by hand.
  8. Apples float because 25% of their volume is air.

The Origin of the Apple

Apples are thought to have originated in Central Asia, on the slopes of the Heavenly Mountains of Kazakhstan, near the city of Almaty which means “Father of Apples.” From there, seeds and cuttings made their way across the Atlantic Ocean with European explorers, who planted orchards all along the eastern seaboard. Pioneers then took seeds and cuttings from these orchards to the Midwest and West.

Upcoming Local Apple Events

Sat., October 1 (10am-5pm) & Sun., October 2 (10am-4pm): Johnny Appleseed Days in Butte County’s Paradise is California’s oldest harvest festival (128 years!) and a family tradition celebrating local apple history. Kids of all ages will love playing games and meeting “Johnny Appleseed” as he shares stories. The fun includes entertainment, vendors, delicious food, and of course, homemade apple pie! Admission is free. Held at Terry Ashe Park, 6626 Skyway. http://www.paradisechamber.com/johnny-appleseed-days. (530) 877-9356.

Sat., October 1 (9am-4pm): Celebrate everything about apples at the 24th annual Manton Apple Festival in northeastern Tehama County. Features over 100 artisan-created art, craft & food booths, live music on two stages, kids’ arts & craft activities, carriage rides, contests and games … it’s a day of fun for the whole family! All ages can enter the festival’s much-anticipated apple pie contest. Free admission and parking; festival proceeds support community projects & scholarships. Manton Elementary School, 31345 Forward Rd. http://www.mantonapple.com; (530) 474-4709.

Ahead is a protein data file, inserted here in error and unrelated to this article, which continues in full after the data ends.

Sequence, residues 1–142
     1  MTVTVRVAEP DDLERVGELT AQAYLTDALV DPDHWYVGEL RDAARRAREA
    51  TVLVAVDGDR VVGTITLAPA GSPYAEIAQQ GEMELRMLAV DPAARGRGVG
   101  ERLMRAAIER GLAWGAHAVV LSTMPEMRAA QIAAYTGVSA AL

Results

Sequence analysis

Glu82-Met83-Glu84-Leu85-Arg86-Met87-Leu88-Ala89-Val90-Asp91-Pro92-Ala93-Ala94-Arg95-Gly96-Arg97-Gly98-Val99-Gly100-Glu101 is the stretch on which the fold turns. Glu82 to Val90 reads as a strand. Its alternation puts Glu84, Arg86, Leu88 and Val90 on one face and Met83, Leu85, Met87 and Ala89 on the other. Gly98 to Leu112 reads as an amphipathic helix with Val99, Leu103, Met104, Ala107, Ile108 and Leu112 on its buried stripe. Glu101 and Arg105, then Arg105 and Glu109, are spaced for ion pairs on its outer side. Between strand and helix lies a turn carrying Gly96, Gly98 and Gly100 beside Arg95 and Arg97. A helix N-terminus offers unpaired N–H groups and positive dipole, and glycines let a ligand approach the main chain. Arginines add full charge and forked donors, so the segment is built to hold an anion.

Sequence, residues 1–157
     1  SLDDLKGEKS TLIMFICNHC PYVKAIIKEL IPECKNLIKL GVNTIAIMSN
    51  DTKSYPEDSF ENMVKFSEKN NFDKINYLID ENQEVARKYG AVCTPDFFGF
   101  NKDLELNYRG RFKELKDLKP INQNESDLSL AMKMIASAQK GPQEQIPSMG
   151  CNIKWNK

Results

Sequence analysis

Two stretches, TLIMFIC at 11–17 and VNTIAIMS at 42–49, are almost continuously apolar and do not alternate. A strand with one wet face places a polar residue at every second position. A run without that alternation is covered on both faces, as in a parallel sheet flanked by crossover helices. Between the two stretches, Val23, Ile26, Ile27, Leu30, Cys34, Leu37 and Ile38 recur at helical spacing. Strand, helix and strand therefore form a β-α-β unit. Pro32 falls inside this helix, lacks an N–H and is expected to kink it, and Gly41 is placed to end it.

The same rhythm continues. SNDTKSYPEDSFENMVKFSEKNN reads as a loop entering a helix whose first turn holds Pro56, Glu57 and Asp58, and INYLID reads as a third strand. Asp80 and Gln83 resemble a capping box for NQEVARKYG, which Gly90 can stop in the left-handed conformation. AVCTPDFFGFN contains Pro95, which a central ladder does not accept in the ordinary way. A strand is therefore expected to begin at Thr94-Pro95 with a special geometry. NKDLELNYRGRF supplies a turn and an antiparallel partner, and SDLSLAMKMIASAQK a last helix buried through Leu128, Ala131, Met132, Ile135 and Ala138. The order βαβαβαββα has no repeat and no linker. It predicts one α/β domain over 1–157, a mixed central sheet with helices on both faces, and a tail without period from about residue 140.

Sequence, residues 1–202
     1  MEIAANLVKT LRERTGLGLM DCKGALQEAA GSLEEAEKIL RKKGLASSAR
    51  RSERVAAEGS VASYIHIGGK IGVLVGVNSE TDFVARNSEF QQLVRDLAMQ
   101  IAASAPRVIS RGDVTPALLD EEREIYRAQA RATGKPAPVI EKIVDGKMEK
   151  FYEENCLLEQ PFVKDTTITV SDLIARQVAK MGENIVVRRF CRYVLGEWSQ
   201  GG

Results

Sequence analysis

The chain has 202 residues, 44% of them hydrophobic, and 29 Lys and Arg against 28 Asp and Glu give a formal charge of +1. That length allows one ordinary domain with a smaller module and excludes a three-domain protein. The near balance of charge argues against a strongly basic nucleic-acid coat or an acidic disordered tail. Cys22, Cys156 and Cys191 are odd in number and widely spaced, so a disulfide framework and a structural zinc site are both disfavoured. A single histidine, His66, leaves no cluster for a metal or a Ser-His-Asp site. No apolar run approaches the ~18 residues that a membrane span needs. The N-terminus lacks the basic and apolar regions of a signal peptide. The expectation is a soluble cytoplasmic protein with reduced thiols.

Sat., October 8 (10am-11pm): The annual Apple Harvest Festival in Siskiyou County’s historic town of McCloud features plenty of family fun. Fresh-pressed apple juice, kids activities, artisan craft vendors, scarecrow and apple pie contests, music, vendors¸ games, food and drink. The celebrating takes place on Main Street. Admission is free from 10am-6pm. Dinner 6-7pm ($15); Dance 7-11pm ($5). (530) 964-3113.

Johnny Appleseed 

Johnny Appleseed is the legendary American who planted apple trees throughout our country. Many believe him to be a fictional character, grown out of American folklore, but he was born in Leominster, Massachusetts, on September 26, 1774. His real name was John Chapman. He was a skilled nurseryman who owned nurseries in Ohio, Pennsylvania, Kentucky, Illinois and Indiana. He grew trees and supplied apple seeds to the pioneers in the mid-western states. Although he was a very successful businessman, he lived a simple life. He preferred to travel, spreading his love for apples trees around the country, and did so for 50 years. 

Helen Colella
About Helen Colella

Helen Colella is mother of five and a retired teacher. She has been published in "Chicken Soup for the Soul: The Dog Did What?" and "The Power of Forgiveness." She's also published works that include educational books and materials, articles, and stories for adults and children. Her book "National Park Signs and Symbols" in available at Amazon.com.